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Let $H$ be a group, $\phi$ an automorphism of $H$ of order n and fix $h_0 \in H$. I wonder, what the restrictions are, such that $$G:= \lt H,g \mid g^n=h_0,\quad \forall h \in H: ghg^{-1}=\phi(h) \gt$$ defines a group which has $H$ as normal subgroup such that $G/H$ is cyclic of order n.

There are two obvious restrictions:

(1) $h_0$ has to be in the center of $H$. For, $h_0hh_0^{-1} = g^nhg^{-n}=\phi^n(h) = h$, since $\phi$ has order n.

(2) $\phi(h_0) = h_0$. For, $\phi(h_0) = gh_0g^{-1}=gg^ng^{-1} = g^n = h_0$.

But I can't figure out, if there some more restrictions.

I tried to apply the classification of extensions with non-abelian kernel (Kenneth Brown, Cohomology of Groups, chapter IV, §6), but that requires to consider $H^3(Out(H),C)$ ($C$ the center of $H$) and I'm unable to do so, because I have no information about $Out(H)$ and $C$.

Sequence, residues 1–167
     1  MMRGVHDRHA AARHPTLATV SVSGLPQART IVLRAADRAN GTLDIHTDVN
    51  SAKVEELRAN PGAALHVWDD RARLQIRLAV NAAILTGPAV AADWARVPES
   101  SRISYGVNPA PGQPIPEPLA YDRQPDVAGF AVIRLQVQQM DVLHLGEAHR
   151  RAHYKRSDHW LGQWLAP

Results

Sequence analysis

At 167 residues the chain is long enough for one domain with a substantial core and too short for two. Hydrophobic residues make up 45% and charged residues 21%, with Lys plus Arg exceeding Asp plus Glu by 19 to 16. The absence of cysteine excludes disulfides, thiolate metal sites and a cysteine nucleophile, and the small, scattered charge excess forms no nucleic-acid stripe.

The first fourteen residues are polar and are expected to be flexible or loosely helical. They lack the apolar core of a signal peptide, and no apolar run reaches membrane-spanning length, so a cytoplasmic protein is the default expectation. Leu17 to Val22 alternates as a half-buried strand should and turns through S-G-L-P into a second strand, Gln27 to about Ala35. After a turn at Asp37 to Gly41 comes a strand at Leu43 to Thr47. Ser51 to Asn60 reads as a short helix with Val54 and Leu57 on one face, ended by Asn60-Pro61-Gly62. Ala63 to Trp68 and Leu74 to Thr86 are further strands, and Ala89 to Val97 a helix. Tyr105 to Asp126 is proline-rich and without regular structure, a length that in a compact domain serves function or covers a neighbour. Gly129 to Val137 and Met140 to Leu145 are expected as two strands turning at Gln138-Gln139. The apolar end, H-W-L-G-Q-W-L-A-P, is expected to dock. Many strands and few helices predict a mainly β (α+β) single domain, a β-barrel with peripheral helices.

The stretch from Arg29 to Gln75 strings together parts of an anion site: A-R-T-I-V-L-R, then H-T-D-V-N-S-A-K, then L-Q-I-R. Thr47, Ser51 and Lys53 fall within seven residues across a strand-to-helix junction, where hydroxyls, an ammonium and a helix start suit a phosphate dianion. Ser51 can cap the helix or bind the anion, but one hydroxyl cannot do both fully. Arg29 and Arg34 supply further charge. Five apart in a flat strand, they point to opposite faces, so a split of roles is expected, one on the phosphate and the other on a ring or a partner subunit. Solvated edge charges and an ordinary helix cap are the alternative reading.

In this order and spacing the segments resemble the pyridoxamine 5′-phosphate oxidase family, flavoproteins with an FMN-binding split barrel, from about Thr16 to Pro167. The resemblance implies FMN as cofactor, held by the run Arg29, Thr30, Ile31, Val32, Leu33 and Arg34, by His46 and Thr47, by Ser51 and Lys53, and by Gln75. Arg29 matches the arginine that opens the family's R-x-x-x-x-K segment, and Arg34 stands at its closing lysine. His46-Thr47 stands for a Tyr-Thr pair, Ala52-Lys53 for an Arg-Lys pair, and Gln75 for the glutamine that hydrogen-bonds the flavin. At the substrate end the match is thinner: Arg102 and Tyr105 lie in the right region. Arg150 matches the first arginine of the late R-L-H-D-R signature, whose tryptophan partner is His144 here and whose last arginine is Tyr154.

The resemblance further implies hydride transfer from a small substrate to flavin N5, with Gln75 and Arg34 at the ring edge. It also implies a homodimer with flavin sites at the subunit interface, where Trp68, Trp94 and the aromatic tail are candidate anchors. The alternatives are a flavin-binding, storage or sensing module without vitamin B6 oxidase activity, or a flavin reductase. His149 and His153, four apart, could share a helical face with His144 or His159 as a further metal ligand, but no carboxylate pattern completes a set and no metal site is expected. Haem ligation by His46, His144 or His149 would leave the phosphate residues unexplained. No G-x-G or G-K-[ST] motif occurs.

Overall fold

Any help is appreciated.

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1 Answer 1

up vote 3 down vote accepted

Your conditions are sufficient. Indeed, consider the $H$-by-cyclic group $G_0=\langle H, g\mid ghg^{-1}=\phi(h), h\in H\rangle$. By (1) and (2), both $g^n$ and $h_0$ are central in that group. Hence the element $u=h_0^{-1}g^n$ is central. Now factor out the central subgroup $\langle u\rangle$: $G=G_0/\langle u\rangle$. That group $G$ is what you need.

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Ah, I see, $G$ can be realized as central quotient of the semi-direct product $G_0=H \times_\varphi \mathbb{Z}$ where $\varphi: \mathbb{Z} \to Aut(H), k \mapsto \phi^k$. That's good. Thanks a lot, Mark. –  Todd Leason Sep 20 '11 at 23:36

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